Colorectal Cancer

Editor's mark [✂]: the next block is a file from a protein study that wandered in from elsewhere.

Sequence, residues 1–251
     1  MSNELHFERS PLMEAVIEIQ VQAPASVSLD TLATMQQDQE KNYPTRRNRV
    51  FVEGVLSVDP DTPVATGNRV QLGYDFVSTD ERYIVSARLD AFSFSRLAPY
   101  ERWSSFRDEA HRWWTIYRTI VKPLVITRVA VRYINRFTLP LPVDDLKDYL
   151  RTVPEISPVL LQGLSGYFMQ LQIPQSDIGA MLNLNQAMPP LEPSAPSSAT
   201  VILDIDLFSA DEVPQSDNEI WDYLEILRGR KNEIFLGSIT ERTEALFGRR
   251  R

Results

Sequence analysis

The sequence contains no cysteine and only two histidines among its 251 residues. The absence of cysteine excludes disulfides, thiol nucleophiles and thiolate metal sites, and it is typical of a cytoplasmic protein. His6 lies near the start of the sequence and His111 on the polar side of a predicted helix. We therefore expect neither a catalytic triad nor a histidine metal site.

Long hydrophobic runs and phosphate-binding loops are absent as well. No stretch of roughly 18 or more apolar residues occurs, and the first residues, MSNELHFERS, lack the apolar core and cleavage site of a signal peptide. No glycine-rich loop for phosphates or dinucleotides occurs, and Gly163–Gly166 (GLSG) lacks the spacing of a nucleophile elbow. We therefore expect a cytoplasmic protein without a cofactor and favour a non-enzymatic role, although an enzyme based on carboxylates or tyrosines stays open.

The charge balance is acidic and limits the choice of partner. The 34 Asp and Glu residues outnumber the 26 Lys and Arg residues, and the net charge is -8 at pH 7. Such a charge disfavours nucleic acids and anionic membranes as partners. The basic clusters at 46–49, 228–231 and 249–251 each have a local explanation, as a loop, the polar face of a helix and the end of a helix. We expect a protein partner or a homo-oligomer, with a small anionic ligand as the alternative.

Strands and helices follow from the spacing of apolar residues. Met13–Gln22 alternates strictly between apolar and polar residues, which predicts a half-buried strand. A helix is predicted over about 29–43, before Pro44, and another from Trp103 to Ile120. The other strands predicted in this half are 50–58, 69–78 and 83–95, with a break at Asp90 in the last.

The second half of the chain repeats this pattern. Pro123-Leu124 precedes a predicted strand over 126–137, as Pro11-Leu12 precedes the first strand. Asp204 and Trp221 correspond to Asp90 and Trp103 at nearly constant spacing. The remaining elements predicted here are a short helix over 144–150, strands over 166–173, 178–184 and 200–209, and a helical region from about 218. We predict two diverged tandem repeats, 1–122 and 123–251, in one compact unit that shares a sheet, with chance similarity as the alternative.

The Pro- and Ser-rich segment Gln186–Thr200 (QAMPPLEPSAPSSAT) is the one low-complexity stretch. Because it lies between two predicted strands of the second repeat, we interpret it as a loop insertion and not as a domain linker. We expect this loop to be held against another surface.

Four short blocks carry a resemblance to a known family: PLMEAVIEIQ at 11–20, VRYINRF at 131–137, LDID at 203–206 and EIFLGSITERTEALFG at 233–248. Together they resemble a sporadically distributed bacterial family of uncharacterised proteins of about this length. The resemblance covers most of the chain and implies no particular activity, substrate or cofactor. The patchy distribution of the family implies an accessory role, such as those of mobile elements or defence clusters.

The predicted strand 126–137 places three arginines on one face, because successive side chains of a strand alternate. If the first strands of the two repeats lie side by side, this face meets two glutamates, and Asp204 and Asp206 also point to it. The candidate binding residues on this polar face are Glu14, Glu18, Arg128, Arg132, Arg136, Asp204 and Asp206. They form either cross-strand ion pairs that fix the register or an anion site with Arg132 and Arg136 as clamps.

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Risk factors for prostate cancer-age (more common in men older than 65) -african americans (jamaican) -family history -increased exposure to androgens -high fat diet (red meats) -obesityNot risk factors-BPH -alcohol -sexual activityPrevalence-incidence + mortality + survival -total number of cases in a disease population -incidence: newly diagnosed cases -mortality: number of deaths -survival: percentage of people that are living after diagnosis (usually 5 years)Gleason score-cells slowly become undifferentiatedProstate cancer symptoms-early stages are asymptomatic -later stages can cause hematuria, painful urination, pelvic pain, groin pain, spine pain -diagnosed based on routine exam rather than symptomsProstate Cancer: Detection-DRE: recommended for all men greater than 50 and high risk men greater than 40 -Prostate Specific Antigen: increased risk for values greater than 4; this does not mean you have cancer, levels increase with ageRecommended testing-50 year olds with average risk -45 year old with higher risk (first degree relatives or african americans/jamaicans) -40 year olds with very high risk (genetic predisposition) -not recommended for men with less than 10 year life expectancy -PSA less than 2.5 every 2 years, PSA greater than 2.5 every yearProstate cancer treatment-watchful waiting -treatment of choice for non-aggressive tumorBrachytherapy-radioactive seed implants into tissue (implanted 10 mm apart) -fewer side effects -can be combined with radiation for more aggressive tumors -CT scan shows proper placement avoiding urethra and surrounding tissueNursing care for brachytherapy-strain urine for 2 weeks -no sitting on lap for 6 months -reduce activity for about 48 hours -not allowed to be around pregnant women or children -use condom for 2 weeksBrachytherapy potential side effects-bleeding in urine or penis -burning -clots -frequent urination -MAIN: impotence, incontinence, diarrheaProstatectomy-important to get out all urine! -side effects: impotence (60%) and incontinenceNursing care after prostatectomy-monitor urine output -foley catheter -risk for infection -potential for bleeding -patency of catheterProstate cancer: hormone therapy-used to decrease androgen levels, which reduce tumor growth -side effects: gynecomastia, decrease libido, hot flashes, and impotenceProstate cancer: external beam radiation-used with other things -about 5x week for 6 weeks -can cause impotence, incontinence, and diarrhea (long term) -short term: cystitis, fatigue, diarrheaProstate therapy: chemo-Provenge: immune cells removed and exposed to cells in the lab and then put back in -Jevtana: used for advanced disease that is not responding to other treatmentProstate cancer survival rates-10/15 years is about 80-90% -5 years is almost 100%Lung Cancer-second most common cancer in men and women -survival rate at 5 years is only 14% -more women die of lung cancer than breast cancer -more common in men -more common in african americans -most preventable cancer NO SMOKINGTypes of lung cancer-small cell: 14% -non small cell: adenocarcinoma, squamos cell, and large cell (85%)Clinical presentation of lung cancer-cough -weight loss -SOB and hemoptysis -chest pain -voice change -recurrent pneumonia or bronchitisLung cancer treatment-small cell (limited and extensive): chemo, radiation, combination -large cell (stage I-IV): surgical removal with chemo, chemo/radiation in later stages (Avastin or Erbitux)Lung cancer survival rates-1 year: 43% -5 year: 16% -SCLC: 6% -NSCLC: 17%Paraneoplastic syndrome-unknown mechanism causes problems that are not directly related to the local effects of the tumor -hyponatremia -hypercalcemia -venous thrombosisNursing considerations-PREVENTION: offer smoking cessation when appropriate -smoking is common in adolescence; important time to educate! -avoid second hand smoke -PAIN -SOB, anorexia, stomatitis, cough, weakness, fatigue, neuropathy (from chemo), sleep disturbance, fear and anxiety, balance issues -symptoms usually occur togetherAnorexia issues-give corticosteroids, progestins, and megace to increase appetite -dietary counseling -increase proteinsBreast cancer risk factors-increased after age 60 -family history (inherited genes of BRCA1 and BRCA2) -sex: WOMEN -geographic: westerners -higher incidence in whites -nulliparity or older age with first birth -late menopause/early menstruation -prior exposure to radiationTypes of Breast Cancer-adenocarcinoma -in situ or invasive -lobular -invasive ductal carcinoma is the most common -lobular carcinoma in situ has no treatmentLess common types-inflammatory breast cancer: red, swollen, inverted nipple (due to swelling), orange peel appearance -Paget's disease: crusty exudate around nipple, nipple is retracted, rapid disease process (early warning signs are important)Classifications of breast cancer-estrogen and progesterone -HER 2 status: high HER2 indication BRCA -BRCA1 (80%) (average 55-65%) -BRCA2 (45%)Screening recommendations-American Cancer Society agrees that you should be able to do a self breast exam -USPTF against breast exams and against mammograms if you have no risks for breast cancer -American Cancer Society says that you should have a mammogram and MRI if you have a family hx, BRCA1/BRCA2, exposed to chest radiation 10-30 years, or LiFraumeni Syndrome (person presents with all sorts of cancers)Sizing-1 cm: pea -2 cm: peanut -3 cm: strawberry -5 cm: orangeBreast cancer locations-50% upper out quadrant (underneath armpit) -17% nipple -15% upper middle -11% lower outer -6% lower middleBreast cancer treatment-Lumpectomy (removal of tumor and margins, followed by radiation, involves axillary node resection, can be just as good as a MRM) -Radiation (cyberknife, 28 treatments over 6 weeks, after lumpectomy or mastectomy, can be used for palliative, can be used before surgery to shrink the tumor)Radiation side effects-fatigue -sun burn (used sylvadine or aloe gel) -esophagitis and tracheitis (problems eating) -breast edemaChemotherapy for breast cancer-used for those with high risk of metastasis (aggressive tumor, premenopausal, more than one site within the breast-multifocal) -used with axillary node involvementProblems with chemotherapy-GI: stomatitis, mucositis, esophagitis, constipation, diarrhea, anorexia, hepatotoxicity -Hematologic: bone marrow suppression, leukopenia, thrombocytopenia, anemia -Integumentary: sun burn, alopecia -Cardiovascular: pericarditis and myocarditis, cardiotoxicity -Respiratory: pneumonia -Nervous system: increased ICP, peripheral neuropathy, chemo brain -GU: nephrotoxicity, reproductive dysfunction, hemorrhagic cystitis -Biochemical: hyperurecemia -Psychoemotional: fatigue, spiritual distress, caregiver burdenAnti-estrogen therapy-some tumors are ER+, which promotes breast cell division -use TAMOXIFEN -side effects are those seen with menopauseAromatase inhibitors-block tumor growth by reducing the amount of estrogen -better for post-menopausal disease -EXPENSIVE and side effects -Anastrazole, Exemestane, LetrozoleNursing care: Before and After-information overload (NOT too much!) -understand treatment options -what is going to happen to family -what is best? -what will this do to my appearanceNursing care: pre op-provide info as desired -learn how to empty drain -what to expect going home -teach arm exercises if having mastectomyNursing care: post op-dressing changes -s/s infection -may have drain up for a week -reinforce exercises -prepare for going home -social/emotional supportLymphedema-occurs when lymph fluid accumulates in the interstitial space (damage to the lymph system)Lymphedema management-no BP/draws/procedures on injured arm -exercise arm -elevate arm -good skin care and pain mgmt -no constricted clothing on affected side -can wear compression garments -treat/manage infectionBreast reconstruction-implants -transverse rectus -musculocutaneous flap